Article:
The Cambrian period represents a boundary line in the emergence of complex life on earth.  Creatures that had remarkably good vision and mobility were by then moving throughout the seas of the planet. Predator and prey had clearly emerged with the associated developments of armoured limbs and protective shells.

The numerous and varied creatures that have been unearthed have generated much debate among palaeontologists. How and why the Cambrian biota emerged in such diversity is considered pivotal in understanding how the mechanics of life work.  Many of the creatures that arose during this period seem to have no clear ancestry. Some Cambrian lifeforms became extinct whilst others went on to form the basis of all modern life.  Notably the first representations of modern animal phyla are to be found in the Cambrian deposits.



Because of the wide variety of creatures that suddenly appeared during this period it is often referred to as the Cambrian Explosion.  Other such periods of evolutionary expansion - or radiation - have now been recognised, most notably after the great Permian Extinction (preceding the rise of the dinosaur) and after the K-T impact that ended the Cretaceous period (facilitating the rise of mammals). Whereas evolution was originally thought to be a continuous, gradual process it is now thought to ebb and flow. The fossil record shows that long periods of relative stasis have been punctuated by periods of rapid evolution.  There seems to be a clear connection between environmental disruption and surges in biodiversity, especially if large extinctions take place. Vacant habitat draws evolution onwards, prompting a race in adaptation to fill in the environmental gaps.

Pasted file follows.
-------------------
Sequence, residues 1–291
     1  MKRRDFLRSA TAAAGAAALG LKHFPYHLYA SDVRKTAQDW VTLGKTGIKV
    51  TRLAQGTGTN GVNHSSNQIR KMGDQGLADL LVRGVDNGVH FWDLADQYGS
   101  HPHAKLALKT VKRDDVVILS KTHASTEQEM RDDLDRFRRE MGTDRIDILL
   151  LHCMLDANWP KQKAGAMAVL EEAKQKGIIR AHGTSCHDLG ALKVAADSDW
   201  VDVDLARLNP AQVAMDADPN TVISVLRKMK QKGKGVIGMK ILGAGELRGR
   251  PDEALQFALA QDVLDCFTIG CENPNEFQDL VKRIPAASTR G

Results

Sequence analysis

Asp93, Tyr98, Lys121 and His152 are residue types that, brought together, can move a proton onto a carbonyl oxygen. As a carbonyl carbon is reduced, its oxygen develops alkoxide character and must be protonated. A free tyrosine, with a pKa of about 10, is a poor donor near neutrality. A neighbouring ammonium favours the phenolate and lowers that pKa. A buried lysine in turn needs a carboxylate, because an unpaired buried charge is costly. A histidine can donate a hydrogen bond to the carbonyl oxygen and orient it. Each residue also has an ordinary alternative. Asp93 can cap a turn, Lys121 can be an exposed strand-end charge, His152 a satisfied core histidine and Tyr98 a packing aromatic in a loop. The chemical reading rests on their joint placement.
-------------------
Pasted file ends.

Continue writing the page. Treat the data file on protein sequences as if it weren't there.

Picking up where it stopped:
Two ideas now underpin an explanation for the sudden appearance of multiple complex lifeforms during the Cambrian period. Firstly the apparent lack of fossil evidence for complex life before this period (now resolved somewhat by the Ediacaran discoveries) could be explained by the lack of  any hardened shells - so no traces were left to be found. Secondly, just before the Cambrian period, a global catastrophe may have occurred, effectively wiping out most of the life on earth, leaving behind an environment that resembled a blank canvas.

There are a number of Cambrian fossil deposits currently under investigation around the world such as the Chengjiang Biota Shale in China and the Emu Bay Shale in South Australia. Work also continues at the most famous Cambrian fossil site: the Burgess Shale in Canada. New discoveries continue to emerge from each of these sites generating ongoing debate about the Cambrian period and the mechanics of evolution.